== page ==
Women’s reproductive rights in general, and abortion in particular, have been the subject of intense debate globally. Even in countries where the law permits abortions women battle stigma, bias, lack of awareness and information, all of which result in restriction of access to safe abortion.
Almost 48 years after abortion was legalised in India, a majority of women continue to lack access to safe abortion care. Unsafe abortion is the third leading cause of maternal mortality in India. Every day 10 women die in India due to unsafe abortion-related causes and many more suffer from morbidities such as pelvic inflammatory disease and infertility, which are related to unsafe abortion practices – ranging from home remedies to inserting sharp foreign objects into the cervix.
Abortion a right not privilege. On Safe Abortion Day, govt must consider amending MTP Act
In 1971, India became one of the first countries to legalise abortion, but today its healthcare system is lagging behind and doing a great disservice to women.
Updated: 28 September, 2019
Forty-eight years ago, in 1971, when conversations about women’s reproductive health and rights were still in nascent stages across the world, India became one of the first countries to ensure that women have access to a crucial reproductive health need — that of having a safe, legal abortion.
Today, however, India’s laws and systems have lagged behind and we are doing a great disservice to the women in our country by limiting their control over their wombs because of challenges discussed here.
Abortion post 20 weeks not only woman's call: Centre to Supreme Court
Centre tells SC law must safeguard against female foeticide
Written By Abraham Thomas
Updated: Sep 22, 2019
Amid the raging debate over whether the State should control the choice of a pregnant woman to abort a foetus beyond 20 weeks of pregnancy, the Centre has said that the decision cannot "absolutely" rest with the woman alone.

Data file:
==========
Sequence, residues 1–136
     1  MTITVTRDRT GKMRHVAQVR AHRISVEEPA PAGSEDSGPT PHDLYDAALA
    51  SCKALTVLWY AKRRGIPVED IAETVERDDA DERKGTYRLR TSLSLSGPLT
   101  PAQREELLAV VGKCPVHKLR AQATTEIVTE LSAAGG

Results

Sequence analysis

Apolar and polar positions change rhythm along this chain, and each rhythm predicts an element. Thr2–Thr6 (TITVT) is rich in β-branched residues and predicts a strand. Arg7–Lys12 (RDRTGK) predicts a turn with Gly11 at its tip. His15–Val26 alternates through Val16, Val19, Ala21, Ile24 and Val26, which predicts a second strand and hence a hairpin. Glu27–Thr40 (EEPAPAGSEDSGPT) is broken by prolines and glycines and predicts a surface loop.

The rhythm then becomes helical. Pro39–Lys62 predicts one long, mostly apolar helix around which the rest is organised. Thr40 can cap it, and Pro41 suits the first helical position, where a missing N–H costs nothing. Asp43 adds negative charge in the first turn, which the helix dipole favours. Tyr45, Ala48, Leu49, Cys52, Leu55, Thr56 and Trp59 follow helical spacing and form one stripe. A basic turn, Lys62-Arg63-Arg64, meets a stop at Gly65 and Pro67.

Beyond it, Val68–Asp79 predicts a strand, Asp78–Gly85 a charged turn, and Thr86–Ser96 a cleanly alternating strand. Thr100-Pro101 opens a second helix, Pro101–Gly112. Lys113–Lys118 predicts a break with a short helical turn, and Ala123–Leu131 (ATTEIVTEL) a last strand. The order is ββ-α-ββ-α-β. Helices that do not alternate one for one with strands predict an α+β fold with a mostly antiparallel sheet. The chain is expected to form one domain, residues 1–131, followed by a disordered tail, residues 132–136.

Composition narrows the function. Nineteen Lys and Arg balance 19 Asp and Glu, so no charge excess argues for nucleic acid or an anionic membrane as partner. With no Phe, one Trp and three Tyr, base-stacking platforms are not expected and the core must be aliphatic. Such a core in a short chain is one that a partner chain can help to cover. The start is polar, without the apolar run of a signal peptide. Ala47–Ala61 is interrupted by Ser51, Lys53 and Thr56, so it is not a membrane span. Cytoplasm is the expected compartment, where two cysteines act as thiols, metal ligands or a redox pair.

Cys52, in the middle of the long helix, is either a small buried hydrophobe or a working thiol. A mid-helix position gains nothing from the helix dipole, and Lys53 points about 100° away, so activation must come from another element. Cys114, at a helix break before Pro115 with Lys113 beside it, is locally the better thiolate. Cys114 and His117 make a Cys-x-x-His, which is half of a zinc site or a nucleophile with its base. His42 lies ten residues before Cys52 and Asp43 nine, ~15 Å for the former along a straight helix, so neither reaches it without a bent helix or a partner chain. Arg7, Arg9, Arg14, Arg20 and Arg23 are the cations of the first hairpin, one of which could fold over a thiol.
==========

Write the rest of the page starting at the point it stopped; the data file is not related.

The Centre told the Supreme Court on Saturday, via an affidavit, that instances of unsafe abortion and female infanticide are a matter of concern and any decision to increase the 20-week period has to be taken while balancing the interest of the health of both woman and foetus.
Punjab and Haryana HC gives nod to termination of 28-week pregnancy
Permission for the termination of a 28-week pregnancy was given to a woman by the Punjab and Haryana Court after doctors confirmed that the foetus had a serious medical condition.
Updated Sep 22, 2019
Chandigarh: The Punjab and Haryana High Court granted permission to a woman to terminate her 28-week pregnancy. The decision was taken after doctors of Patiala's Rajindra Hospital confirmed that the foetus was suffering from a serious medical condition.
The order was passed on Friday by Justice Tejinder Singh Dhindsa. The court also directed the Medical Superintendent of Government Medical College and Hospital (GMCH) Patiala to supervise the termination of the woman's pregnancy.
Women don’t have absolute right to abort: Government to SC
The affidavit says an amendment in the law is in works and that it has sought “changes in section 5 MTP Act on grounds of substantial foetal abnormalities.
Sep 19, 2019
HT Correspondent, New Delhi
A pregnant woman does not have an absolute right to abort her pregnancy and the right to abortion has to be balanced against compelling state interest to protect the mother’s health and life of the unborn child, asserts the ministry of health and family welfare in an affidavit filed by it in the Supreme Court.
The affidavit, filed in response to a petition by Dr Nikhil Datar which seeks to raise the cap for terminating pregnancy from the current 20 weeks to 26 weeks and the quashing of section 5 of the Act, says an amendment in the law is in works and that it has sought “changes in section 5 MTP Act on grounds of substantial foetal abnormalities. The draft has been sent to the Ministry of Law and Justice for vetting.”